GLIND SHOWER still having problems

Submitted: Tuesday, Jul 19, 2005 at 20:05
ThreadID: 24885 Views:2767 Replies:6 FollowUps:11
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I managed to have a play around with the shower today,i got same 15ml and 10ml hose from work the 15ml seem to work with a better flow rate till i started the motor then the problem started again,i tryed the 10ml but no luck both hoses were about 3mtrs in length is there any one in adelaide that could help me work this out this would be much apperiated cheer's GREENDOG
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Reply By: cokeaddict - Tuesday, Jul 19, 2005 at 20:10

Tuesday, Jul 19, 2005 at 20:10
Greendog, whats was the problem mate? if you posted this before whats the number and ill check it
Ange
AnswerID: 121193

Follow Up By: GREENDOG - Tuesday, Jul 19, 2005 at 20:20

Tuesday, Jul 19, 2005 at 20:20
Post 24806 page 2 thanks
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Reply By: Member - Chrispy (NSW) - Tuesday, Jul 19, 2005 at 20:15

Tuesday, Jul 19, 2005 at 20:15
Greendog - I haven't spotted your original post.... but what's the problem?

I gather you are getting some erratic flow problems of some sort? Before you do anything, do you use Gardena-type quick-fit connectors - especially on the inlet side? Get RID of them! They let air bubbles in and your pump can't draw properly. I use Pirtek washered screw-on connectors on all connections and they work a treat - nice steady flow on my GQ Patrol.
AnswerID: 121197

Follow Up By: GREENDOG - Tuesday, Jul 19, 2005 at 20:24

Tuesday, Jul 19, 2005 at 20:24
Chrispy i'm using ordanary hose clamps,it's ok when i have'nt got the shower head on it's great but as soon as i connect the head to the hose it just starts splurting making the pump basically stop start then the flow is all up tobleep
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Follow Up By: Member - Chrispy (NSW) - Tuesday, Jul 19, 2005 at 20:28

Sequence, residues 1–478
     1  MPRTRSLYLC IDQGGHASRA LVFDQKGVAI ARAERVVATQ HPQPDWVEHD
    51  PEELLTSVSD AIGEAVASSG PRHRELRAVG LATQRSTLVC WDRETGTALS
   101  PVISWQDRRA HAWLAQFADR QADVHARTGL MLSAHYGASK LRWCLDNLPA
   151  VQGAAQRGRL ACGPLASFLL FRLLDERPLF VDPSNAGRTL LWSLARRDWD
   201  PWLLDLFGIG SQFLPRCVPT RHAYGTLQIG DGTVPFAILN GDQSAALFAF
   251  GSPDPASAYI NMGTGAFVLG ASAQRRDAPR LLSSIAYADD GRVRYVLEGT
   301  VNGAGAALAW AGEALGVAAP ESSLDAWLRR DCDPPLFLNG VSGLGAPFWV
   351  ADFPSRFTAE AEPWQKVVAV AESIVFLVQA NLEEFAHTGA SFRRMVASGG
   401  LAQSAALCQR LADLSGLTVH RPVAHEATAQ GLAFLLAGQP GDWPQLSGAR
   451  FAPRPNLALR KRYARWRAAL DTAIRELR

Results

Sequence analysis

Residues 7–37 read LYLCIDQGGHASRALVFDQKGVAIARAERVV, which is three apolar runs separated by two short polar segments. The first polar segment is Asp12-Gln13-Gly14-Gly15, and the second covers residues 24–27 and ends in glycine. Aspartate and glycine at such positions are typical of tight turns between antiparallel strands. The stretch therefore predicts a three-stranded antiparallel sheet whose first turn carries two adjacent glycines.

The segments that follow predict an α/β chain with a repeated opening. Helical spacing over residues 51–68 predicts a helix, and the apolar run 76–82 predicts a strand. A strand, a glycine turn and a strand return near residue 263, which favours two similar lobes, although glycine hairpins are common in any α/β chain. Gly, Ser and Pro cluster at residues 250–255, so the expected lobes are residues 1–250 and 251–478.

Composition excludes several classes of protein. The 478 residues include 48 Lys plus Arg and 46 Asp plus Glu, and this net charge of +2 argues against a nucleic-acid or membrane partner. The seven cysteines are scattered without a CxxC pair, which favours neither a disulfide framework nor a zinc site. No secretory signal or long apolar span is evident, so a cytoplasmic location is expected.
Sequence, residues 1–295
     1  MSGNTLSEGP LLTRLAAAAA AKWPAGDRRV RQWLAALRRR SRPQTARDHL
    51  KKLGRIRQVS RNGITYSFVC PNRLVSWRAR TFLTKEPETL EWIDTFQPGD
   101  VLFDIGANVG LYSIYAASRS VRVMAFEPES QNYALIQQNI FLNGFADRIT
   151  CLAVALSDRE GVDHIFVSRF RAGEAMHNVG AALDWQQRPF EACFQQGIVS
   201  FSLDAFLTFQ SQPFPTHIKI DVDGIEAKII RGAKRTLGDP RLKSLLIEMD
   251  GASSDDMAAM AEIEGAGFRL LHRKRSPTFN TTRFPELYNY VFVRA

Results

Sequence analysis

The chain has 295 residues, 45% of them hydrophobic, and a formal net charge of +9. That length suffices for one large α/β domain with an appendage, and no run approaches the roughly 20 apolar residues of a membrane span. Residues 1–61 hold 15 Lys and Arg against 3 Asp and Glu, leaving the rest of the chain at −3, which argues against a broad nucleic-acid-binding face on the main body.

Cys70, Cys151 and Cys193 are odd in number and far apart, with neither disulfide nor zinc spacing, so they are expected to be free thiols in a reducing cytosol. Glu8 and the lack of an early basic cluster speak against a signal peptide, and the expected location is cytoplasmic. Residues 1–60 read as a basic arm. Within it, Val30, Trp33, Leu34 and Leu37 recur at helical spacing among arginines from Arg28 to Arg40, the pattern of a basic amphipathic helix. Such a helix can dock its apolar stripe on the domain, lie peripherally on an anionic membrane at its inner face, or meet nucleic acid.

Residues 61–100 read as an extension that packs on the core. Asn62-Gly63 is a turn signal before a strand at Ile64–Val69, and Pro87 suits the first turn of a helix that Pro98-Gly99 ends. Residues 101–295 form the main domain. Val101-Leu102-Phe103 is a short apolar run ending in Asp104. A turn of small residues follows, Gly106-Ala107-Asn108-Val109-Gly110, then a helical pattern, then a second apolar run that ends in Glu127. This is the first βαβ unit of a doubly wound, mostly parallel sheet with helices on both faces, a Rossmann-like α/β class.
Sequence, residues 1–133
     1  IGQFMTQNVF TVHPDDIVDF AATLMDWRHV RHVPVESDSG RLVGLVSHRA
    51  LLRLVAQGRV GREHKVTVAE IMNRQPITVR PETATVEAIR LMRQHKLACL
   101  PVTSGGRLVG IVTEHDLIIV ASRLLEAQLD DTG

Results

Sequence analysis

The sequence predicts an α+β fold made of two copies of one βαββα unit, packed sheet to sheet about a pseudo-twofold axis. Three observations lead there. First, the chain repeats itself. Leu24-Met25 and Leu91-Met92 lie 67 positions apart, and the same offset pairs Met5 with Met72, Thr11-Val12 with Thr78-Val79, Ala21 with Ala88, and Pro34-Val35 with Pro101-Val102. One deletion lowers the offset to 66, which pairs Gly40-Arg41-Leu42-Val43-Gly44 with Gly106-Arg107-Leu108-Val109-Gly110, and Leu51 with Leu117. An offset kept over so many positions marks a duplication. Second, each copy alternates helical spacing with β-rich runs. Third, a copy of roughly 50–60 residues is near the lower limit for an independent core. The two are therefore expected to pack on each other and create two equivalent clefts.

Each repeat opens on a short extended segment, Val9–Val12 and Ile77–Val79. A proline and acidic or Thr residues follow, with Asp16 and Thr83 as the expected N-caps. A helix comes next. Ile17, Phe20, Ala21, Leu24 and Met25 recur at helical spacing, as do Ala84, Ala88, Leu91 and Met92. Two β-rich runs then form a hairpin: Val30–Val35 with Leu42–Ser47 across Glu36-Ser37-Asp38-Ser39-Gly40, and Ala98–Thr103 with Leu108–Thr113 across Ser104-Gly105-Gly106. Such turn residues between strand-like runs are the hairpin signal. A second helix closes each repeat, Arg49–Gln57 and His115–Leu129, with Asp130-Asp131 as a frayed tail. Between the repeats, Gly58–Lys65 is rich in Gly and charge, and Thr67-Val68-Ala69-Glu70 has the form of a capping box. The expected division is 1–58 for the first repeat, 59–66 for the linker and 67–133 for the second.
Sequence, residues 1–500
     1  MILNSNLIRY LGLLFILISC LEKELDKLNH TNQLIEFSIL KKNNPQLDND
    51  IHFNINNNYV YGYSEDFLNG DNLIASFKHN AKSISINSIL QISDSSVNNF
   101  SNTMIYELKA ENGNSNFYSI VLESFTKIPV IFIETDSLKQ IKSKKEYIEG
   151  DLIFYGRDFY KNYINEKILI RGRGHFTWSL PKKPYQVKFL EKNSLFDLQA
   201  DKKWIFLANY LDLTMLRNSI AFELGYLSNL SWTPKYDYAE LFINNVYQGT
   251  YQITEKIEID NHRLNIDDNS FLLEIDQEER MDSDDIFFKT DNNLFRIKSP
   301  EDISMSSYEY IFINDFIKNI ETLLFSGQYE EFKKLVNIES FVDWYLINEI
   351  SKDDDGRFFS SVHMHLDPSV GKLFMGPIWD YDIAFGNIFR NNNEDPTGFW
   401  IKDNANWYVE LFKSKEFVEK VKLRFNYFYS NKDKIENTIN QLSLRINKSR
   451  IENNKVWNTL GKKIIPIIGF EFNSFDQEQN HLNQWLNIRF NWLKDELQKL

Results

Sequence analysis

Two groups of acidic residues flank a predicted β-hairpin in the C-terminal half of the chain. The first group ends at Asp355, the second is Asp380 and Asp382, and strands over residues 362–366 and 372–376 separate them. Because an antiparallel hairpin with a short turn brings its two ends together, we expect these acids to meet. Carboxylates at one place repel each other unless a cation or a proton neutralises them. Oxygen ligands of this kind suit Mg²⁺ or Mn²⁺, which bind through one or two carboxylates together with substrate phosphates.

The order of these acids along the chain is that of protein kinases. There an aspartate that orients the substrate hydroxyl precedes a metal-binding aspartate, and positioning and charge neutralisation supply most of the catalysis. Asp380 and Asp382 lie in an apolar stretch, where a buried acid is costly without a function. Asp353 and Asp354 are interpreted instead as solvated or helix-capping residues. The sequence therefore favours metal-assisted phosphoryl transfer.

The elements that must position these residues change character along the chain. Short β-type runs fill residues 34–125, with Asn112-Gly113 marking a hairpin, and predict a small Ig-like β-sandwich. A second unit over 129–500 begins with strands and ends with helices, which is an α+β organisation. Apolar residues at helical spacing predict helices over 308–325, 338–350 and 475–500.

Tuesday, Jul 19, 2005 at 20:28
Ah... OK...

What pump are you using... the 4lpm or 12lpm?

If you're using the 12lpm (I personally prefer the 4) then you are probably restricting the out flow a little too much and the pump is cycling on and off. Try replacing the regular shower head with a DECENT 9lpm unit from your favourite hardware store. A 9lmp unit is typically known as a "water saver" type. If you get one with adjustable spray shapes you can radically affect the flow rate - which might let you diagnose the problem a little further.

Cheers
Chris
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Follow Up By: Nudenut - Tuesday, Jul 19, 2005 at 20:39

Tuesday, Jul 19, 2005 at 20:39
chrispy
a note or two on troubleshooting for members pages wouldnt go astray
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FollowupID: 376238

Follow Up By: GREENDOG - Tuesday, Jul 19, 2005 at 20:48

Tuesday, Jul 19, 2005 at 20:48
Chrispy the pump is a flojet [quiet quad] pump mod 4405-143 flow 3.3 [12.5]lpm thats all it see's on the pump
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FollowupID: 376240

Follow Up By: Member - Chrispy (NSW) - Tuesday, Jul 19, 2005 at 21:56

Tuesday, Jul 19, 2005 at 21:56
The 4405-143 indeed is rated at 12.5lpm and has a pressure switch which will cut out at 35psi detected on the outlet side.

If you leave the shower head off, and place your thumb loosely over the outlet side to partly block the output, does the same thing happen? You could have a faulty pressure switch - or (hopefully) a blocked shower head. Did the head your unit came with have a slide restrictor? Does it happen with the slide restrictor pushed to the fully-open position? I hate these silly restrictors, but with 12lpm flow you need it to keep the rate down so that the heat exchanger can actually get the water you push through it heated to around 40 deg celcius before it exits the exchanger. This is why I reckon that the 4lpm unit is better for a HOT shower.